Setting Personified


What was that noise, acrylic and modeling medium with palette knife on canvas, 24×36, www.carolineallen.com

As a writer and writing coach, I stress the importance of well-written, well-integrated setting. Afterall, settings are people, too!

Good setting adds to characterization, it grounds the story and people in it in a place and time, and it provides a solid structure for the reader to depend upon. Minimalist setting is good too, but new writers need to first know HOW to write a full-fledged setting; as they say learn the rules so you know that you’re breaking them.

In the writing classes I teach, I often use an exercise for writing setting called the Photographer’s Assignment. Let’s say a photojournalist is sent on assignment by their magazine editor to shoot a local high school. They will often take an approach that begins with an overview and leads slowly to an intimate detailed shot.

For example, our photographer gets to the high school. First, she stand on a hill and takes a picture of the entire high school complex — building, football field, track, parking lot, high school building. Clicking away, she moves slowly in, taking pictures of the building, the football field. Closer and closer in she goes, getting shots of a moody corridor with student lockers, the doorway of a classroom, a teacher in front of a class, a student in a desk, their hand writing in a notebook.

I use this philosophy when teaching setting to make sure new writers cover all bases with setting. I ask them to go from overview of their setting to the smallest detail, the scratches on a locker or the scuff marks on the corridor floor. Most new writers ignore the setting or only visit it tangentially, and to break that habit, we spend a lot of time talking about how to do setting well.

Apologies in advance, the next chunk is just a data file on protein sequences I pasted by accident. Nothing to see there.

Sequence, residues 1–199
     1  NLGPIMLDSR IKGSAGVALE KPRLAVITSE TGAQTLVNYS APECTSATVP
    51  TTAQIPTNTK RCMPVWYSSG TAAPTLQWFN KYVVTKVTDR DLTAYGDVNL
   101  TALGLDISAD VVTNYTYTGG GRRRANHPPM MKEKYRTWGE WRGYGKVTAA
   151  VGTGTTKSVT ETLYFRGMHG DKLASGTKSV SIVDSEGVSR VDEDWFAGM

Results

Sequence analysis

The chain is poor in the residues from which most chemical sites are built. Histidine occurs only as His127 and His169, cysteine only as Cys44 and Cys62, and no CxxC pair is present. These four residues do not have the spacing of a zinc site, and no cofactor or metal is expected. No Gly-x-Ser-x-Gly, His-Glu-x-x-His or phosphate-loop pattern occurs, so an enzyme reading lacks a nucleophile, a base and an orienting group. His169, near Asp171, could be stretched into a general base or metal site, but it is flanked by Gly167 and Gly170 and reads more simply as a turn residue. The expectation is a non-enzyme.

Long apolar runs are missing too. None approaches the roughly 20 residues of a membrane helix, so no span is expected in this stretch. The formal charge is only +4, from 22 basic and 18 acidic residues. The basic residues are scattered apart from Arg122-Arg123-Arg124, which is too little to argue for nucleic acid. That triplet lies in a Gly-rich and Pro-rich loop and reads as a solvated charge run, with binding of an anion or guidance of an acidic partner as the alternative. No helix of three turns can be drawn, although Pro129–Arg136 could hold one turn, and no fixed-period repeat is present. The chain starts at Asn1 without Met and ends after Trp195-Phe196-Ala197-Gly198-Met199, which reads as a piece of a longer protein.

As for any type of description, make sure with setting to use all of the senses, not just visual. What does the area or room smell like? What is the texture? What do you hear? What is the weather?

Setting can work to enhance characterization. Watch what your protagonist notices from their point of view. Maybe they go on and on about the weather. So, your setting would include minute weather details. Maybe they’re afraid of enclosed places and would notice the lockers, and as a writer you would need to describe the small, suffocating, enclosed nature of the lockers in visceral detail. When setting is integrated into point of view it becomes a remarkable form of characterization.

Watch for metaphors or themes in the setting that work well in your story. For example, if your protagonist walks into the high school and feels like an outsider, that’s one theme. If they walk in and feel nostalgia, that’s another. A writing teacher once told me that setting and characterization have as much to do with what the character does NOT notice as it does with what they DO notice.

Of course, on revision, setting must be deeply integrated into the story and not just appear in blocks of paragraphs. But first practice rich setting description; worry about integrating it upon revision.

www.artofstorytellingonline.com

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